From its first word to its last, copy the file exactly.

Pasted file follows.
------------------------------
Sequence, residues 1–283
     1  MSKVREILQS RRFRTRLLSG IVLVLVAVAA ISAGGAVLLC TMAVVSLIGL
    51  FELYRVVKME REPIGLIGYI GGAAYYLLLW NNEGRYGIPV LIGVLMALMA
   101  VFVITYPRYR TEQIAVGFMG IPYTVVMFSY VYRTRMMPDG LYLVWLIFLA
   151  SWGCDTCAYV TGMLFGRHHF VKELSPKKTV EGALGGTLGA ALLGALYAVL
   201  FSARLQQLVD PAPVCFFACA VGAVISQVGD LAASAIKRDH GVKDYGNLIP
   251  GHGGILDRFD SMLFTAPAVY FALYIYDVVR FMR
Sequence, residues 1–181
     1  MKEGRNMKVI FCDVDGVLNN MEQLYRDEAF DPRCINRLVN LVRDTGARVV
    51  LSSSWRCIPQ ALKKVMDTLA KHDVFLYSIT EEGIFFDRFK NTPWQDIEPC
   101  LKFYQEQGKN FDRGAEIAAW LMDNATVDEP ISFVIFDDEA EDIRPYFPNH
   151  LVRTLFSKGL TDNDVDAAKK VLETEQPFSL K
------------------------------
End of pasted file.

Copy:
Sequence, residues 1–283
     1  MSKVREILQS RRFRTRLLSG IVLVLVAVAA ISAGGAVLLC TMAVVSLIGL
    51  FELYRVVKME REPIGLIGYI GGAAYYLLLW NNEGRYGIPV LIGVLMALMA
   101  VFVITYPRYR TEQIAVGFMG IPYTVVMFSY VYRTRMMPDG LYLVWLIFLA
   151  SWGCDTCAYV TGMLFGRHHF VKELSPKKTV EGALGGTLGA ALLGALYAVL
   201  FSARLQQLVD PAPVCFFACA VGAVISQVGD LAASAIKRDH GVKDYGNLIP
   251  GHGGILDRFD SMLFTAPAVY FALYIYDVVR FMR
Sequence, residues 1–181
     1  MKEGRNMKVI FCDVDGVLNN MEQLYRDEAF DPRCINRLVN LVRDTGARVV
    51  LSSSWRCIPQ ALKKVMDTLA KHDVFLYSIT EEGIFFDRFK NTPWQDIEPC
   101  LKFYQEQGKN FDRGAEIAAW LMDNATVDEP ISFVIFDDEA EDIRPYFPNH
   151  LVRTLFSKGL TDNDVDAAKK VLETEQPFSL K